Referencing indicates progeny performance
Breeds with well established
sire referencing schemes will
be able to offer ram buyers
figures to indicate progeny
performance, in what is set
to be a difficult year to
Jeremy Hunt reports
PRIME lamb producers forced into buying rams privately this season should grasp the opportunity to factor performance figures into their selection.
Yorks Texel breeders John Haigh and Harry Whitwam believe ram buyers should offset the difficulties of not being able to select tups at autumn sales by using sire index figures as a guarantee of superior performance (see p36).
"Its going to be a difficult ram buying season from a logistical and bio-security point of view. But when you factor figures into your selection, particularly when youre buying unseen, at least you know the ram has the genetics to do the job," says Mr Haigh.
The cousins were among the first UK breeders to join the Texel Sire Reference Scheme, 10 years ago. They run the Wholestone flock of about 50 ewes on their poultry unit at Harden Road Farm, Golcar, Huddersfield.
Through careful selection, they have achieved some of the highest indexes ever recorded for Texel rams and females in the breed societys sire reference scheme.
The current aim is to use rams with an index of more than 300, although one tup used last autumn had one of the highest indexes in the breed at 330.
The partnership has won tremendous support from buyers at the main Builth Wells ram sale. Last year, they sold 15 shearlings to average 560gns and reached a flock best of 1400gns.
This year, four Wholestone tups have been bought by ADAS for commercial lamb trials at its research farm at Rosemaund, Herefordshire.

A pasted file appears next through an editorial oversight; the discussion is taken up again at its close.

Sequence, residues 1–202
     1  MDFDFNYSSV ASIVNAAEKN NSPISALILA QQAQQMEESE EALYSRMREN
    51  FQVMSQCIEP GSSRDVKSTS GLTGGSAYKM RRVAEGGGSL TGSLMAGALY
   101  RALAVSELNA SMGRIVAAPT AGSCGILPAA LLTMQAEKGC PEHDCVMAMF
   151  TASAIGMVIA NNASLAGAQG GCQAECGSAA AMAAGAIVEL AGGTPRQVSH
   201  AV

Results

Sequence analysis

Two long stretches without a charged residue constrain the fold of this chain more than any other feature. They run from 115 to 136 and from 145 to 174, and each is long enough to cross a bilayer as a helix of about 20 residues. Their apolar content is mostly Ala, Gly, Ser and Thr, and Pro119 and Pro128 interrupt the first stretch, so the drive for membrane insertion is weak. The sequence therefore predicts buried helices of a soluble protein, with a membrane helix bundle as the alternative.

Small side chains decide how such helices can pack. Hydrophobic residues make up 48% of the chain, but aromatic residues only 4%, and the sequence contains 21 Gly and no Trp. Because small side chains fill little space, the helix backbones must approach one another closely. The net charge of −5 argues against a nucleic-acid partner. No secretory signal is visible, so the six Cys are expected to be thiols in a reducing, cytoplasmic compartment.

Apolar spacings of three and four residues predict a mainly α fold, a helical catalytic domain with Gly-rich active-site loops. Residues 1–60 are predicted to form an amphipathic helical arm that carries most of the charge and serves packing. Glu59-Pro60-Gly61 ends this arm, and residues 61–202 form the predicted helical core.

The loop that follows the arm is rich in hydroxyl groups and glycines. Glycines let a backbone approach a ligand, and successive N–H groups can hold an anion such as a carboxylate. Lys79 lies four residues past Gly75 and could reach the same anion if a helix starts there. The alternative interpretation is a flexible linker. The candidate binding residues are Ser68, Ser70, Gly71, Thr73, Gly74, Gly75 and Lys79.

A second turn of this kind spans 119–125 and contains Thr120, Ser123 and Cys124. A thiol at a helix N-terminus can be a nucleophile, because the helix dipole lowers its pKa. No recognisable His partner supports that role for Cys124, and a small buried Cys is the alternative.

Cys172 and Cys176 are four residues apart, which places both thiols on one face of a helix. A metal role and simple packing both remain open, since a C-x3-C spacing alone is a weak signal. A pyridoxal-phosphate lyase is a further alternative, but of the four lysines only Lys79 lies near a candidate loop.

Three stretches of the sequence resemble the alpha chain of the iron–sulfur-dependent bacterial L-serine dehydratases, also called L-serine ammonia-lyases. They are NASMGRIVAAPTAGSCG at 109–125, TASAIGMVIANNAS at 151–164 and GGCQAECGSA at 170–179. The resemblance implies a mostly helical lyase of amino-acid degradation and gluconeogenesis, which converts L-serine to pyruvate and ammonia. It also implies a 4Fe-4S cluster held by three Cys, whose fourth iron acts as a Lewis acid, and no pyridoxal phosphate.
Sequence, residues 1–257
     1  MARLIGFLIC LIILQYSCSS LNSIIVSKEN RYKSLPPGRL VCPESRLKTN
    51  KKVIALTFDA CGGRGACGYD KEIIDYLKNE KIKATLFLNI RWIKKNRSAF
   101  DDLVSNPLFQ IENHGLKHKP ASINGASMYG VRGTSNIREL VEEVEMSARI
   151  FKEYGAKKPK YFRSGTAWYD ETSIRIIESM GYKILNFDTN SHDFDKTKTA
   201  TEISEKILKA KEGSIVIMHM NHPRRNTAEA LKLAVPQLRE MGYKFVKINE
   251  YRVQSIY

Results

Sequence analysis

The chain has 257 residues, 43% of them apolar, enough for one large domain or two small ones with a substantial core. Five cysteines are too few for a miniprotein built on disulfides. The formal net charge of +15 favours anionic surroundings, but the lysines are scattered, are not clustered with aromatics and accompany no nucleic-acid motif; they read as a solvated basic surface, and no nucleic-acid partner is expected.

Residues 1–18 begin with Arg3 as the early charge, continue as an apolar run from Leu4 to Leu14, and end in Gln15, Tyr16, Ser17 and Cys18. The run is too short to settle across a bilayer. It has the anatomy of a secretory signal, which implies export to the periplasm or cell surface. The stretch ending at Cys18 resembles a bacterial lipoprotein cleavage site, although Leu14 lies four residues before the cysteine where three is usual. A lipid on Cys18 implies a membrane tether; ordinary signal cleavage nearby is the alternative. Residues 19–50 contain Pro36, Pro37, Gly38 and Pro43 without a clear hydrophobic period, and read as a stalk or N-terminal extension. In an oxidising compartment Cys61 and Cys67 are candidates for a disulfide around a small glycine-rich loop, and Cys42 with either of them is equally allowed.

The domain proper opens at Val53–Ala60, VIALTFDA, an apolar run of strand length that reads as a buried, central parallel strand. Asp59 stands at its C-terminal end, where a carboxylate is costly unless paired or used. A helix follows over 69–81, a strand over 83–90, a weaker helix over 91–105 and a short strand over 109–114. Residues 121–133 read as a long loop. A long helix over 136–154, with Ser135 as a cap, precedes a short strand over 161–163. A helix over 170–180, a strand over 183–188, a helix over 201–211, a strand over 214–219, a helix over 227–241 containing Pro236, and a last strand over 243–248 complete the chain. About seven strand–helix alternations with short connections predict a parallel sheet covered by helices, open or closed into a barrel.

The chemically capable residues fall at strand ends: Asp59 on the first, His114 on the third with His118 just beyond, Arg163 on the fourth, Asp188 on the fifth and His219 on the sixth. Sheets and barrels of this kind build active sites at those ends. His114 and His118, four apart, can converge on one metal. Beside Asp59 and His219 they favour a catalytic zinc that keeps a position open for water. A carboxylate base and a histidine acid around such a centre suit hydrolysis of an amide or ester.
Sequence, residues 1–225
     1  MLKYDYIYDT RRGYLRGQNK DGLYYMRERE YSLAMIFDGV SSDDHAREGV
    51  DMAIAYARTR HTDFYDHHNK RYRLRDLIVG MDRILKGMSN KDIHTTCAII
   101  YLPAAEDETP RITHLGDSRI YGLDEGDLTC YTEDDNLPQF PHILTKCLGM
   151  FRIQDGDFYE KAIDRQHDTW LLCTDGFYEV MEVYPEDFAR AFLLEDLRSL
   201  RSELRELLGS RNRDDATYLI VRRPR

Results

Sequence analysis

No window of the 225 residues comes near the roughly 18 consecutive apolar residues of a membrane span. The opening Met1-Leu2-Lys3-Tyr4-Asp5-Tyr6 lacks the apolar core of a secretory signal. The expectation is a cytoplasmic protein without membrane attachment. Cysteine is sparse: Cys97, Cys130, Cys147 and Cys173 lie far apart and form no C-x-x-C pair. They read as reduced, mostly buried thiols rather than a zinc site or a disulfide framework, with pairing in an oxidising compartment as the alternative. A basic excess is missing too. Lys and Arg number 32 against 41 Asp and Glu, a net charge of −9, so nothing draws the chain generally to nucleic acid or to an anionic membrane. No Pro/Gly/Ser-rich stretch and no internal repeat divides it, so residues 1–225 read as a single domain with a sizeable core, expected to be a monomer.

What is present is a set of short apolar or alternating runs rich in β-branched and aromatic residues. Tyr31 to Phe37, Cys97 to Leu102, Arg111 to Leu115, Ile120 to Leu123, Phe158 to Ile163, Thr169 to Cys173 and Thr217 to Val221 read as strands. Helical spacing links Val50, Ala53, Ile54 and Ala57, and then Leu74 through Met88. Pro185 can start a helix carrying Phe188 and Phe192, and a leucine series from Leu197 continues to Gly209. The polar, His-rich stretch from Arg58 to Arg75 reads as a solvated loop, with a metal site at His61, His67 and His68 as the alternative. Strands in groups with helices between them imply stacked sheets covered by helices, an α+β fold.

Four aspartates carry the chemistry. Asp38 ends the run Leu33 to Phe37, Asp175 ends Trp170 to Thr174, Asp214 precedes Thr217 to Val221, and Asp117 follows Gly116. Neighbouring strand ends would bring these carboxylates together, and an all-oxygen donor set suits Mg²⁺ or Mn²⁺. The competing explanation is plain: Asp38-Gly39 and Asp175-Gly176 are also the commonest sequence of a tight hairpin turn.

Sheep at the cousins unit run on hill land rising to 360m (1200ft), while the farm doesnt see any appreciable grass growth until May.
The entire flock is AId in mid-September for a mid-February lambing. Mr Haigh and Mr Whitwam consider AI as the most efficient way of making rapid genetic progress through the use of high index rams.
In late July, ewes are treated with melatonin and receive a multi-vitamin boost prior to sponging on about Sept 11. Frozen semen is used, although fresh semen is collected from high-index stock rams. Conception rates up to 90% have been achieved with frozen semen.
"We are very careful about managing and handling ewes during the breeding cycle to try and achieve as high a conception rate as possible. We keep them quiet to minimise any stress during this time," says Mr Whitwam.
"The melatonin and multi-vitamin treatment seems to work well for us." Lambing percentage is about 180%.
Good autumn grazing to maintain ewe condition is important. Only ewes carrying twins or triplets receive any supplementary feed prior to lambing. Even then its barely 120g/head in the final three weeks.
Ewes are housed at Christmas, with all shearling ewes clipped. They are then fed a strictly controlled amount of hay.
"Its a job to strike a happy medium on feeding prior to lambing, but its vital not to give too much," says Mr Haigh. "After lambing we go all out and feed for milk."
• Recording for 10 years.
• Selection performance based.
• Faster growing lambs.